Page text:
Thursday, July 31, 2014

Whose things belong in the Family Museum?

Boxes in the attic. Boxes in the basement. Boxes in the garage, in the shed, and under the bed. Boxes with hastily scribbled writing on it that says “baby clothes.” Another says, “Grandmas’ bric-a-brac.” The boxes from the attic may be filled with old toys, games and comic books. You know what is in the boxes stored in garage – tools! Grandpas’ greasy coffee cans filled with nuts and bolts, gizmos you haven’t the slightest idea to what they are, but apparently they were important enough to be kept. The boxes from the basement smell moldy and you are not sure if you even want to open them. But you do and much to your delight, you find your high school yearbooks. You sit down on the steps and slowly turn the stiff pages and gaze down at the faces you knew and wonder where they are now.

So whose things belong in the family museum? Everyone’s things!

Look at it this way. If you do not display at least a few things from each member of the family in the museum, you may end up with a family feud. Sometimes this situation can be touchy especially if the family has gone through a critical time; separation, divorce, death, or a weather or fire catastrophe that wiped out many of your precious heirlooms. We all at some time in our lives experience unfortunate events. However, if a picture or anything that makes you relieve past hurt or insurmountable sadness, then don’t put it in. Instead of making that decision yourself, consult the family. After all, it is their museum, too.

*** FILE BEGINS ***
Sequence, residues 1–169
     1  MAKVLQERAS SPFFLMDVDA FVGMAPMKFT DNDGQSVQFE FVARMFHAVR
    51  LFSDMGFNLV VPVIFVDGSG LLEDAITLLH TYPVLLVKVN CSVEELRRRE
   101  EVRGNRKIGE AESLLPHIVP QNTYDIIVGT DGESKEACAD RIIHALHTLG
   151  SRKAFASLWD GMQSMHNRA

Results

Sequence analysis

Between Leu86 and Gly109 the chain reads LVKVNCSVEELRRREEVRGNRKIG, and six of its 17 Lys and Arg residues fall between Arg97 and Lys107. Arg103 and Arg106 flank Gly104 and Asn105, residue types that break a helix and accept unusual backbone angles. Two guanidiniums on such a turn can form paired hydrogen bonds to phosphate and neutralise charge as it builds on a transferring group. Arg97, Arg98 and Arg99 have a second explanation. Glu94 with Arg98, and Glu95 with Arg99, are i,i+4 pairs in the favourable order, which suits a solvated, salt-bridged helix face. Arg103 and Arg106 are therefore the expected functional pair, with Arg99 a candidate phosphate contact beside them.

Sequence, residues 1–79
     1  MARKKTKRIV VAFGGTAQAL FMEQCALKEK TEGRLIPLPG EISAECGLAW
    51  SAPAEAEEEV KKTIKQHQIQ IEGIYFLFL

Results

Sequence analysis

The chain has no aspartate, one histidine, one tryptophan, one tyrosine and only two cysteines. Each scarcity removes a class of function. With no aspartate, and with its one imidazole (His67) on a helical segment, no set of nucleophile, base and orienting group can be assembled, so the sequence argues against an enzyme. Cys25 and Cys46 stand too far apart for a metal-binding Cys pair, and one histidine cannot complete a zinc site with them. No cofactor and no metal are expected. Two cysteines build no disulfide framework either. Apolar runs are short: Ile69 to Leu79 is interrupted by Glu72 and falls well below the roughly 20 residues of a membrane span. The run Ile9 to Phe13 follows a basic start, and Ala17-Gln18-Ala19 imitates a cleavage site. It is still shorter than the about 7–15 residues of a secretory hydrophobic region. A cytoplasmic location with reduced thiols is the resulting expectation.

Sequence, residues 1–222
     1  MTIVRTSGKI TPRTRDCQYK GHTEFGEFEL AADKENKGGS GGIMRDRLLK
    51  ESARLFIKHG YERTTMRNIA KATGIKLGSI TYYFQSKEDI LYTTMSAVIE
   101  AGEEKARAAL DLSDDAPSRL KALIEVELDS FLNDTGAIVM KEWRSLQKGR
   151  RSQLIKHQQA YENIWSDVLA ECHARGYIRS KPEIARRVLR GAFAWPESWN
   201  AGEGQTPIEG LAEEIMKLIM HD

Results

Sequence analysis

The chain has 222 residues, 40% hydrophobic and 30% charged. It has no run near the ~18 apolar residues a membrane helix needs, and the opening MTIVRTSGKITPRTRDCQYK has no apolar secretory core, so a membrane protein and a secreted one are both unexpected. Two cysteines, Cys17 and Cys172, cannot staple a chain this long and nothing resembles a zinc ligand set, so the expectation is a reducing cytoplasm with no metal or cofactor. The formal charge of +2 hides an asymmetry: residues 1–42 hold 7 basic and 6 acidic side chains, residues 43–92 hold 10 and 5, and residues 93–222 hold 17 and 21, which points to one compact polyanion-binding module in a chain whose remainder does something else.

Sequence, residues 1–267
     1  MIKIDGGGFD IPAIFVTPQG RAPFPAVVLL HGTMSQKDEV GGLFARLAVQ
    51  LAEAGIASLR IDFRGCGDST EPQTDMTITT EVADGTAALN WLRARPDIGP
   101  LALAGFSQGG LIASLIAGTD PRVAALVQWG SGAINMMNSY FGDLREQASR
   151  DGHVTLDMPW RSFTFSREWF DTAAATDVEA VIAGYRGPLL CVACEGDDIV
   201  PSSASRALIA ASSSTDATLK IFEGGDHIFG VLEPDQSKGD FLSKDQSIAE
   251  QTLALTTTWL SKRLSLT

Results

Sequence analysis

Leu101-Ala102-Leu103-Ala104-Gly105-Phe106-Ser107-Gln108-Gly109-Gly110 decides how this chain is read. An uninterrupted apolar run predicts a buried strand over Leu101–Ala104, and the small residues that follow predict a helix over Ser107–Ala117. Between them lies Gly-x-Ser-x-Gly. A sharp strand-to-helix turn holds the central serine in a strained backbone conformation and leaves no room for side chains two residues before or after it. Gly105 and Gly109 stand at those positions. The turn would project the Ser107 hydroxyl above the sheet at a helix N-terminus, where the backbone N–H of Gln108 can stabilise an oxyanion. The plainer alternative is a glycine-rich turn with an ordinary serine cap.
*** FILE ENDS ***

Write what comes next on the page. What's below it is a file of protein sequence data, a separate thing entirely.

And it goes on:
So put in some of grandmas’ prize possessions, hang up the baby shoes, display the comic book and yearbooks, keep the cans of nuts & bolts and label it “grandpas’ toys.” Everyone’s things belong in the family museum – a living tapestry of your family’s history. 

“A morsel of genuine history, a thing so rare as to be always valuable.”                                                        Thomas Jefferson, Third President of the United States

Note: Tell me what favorite things do you want to put in your Family Museum?

Next Post: One Generation of Time



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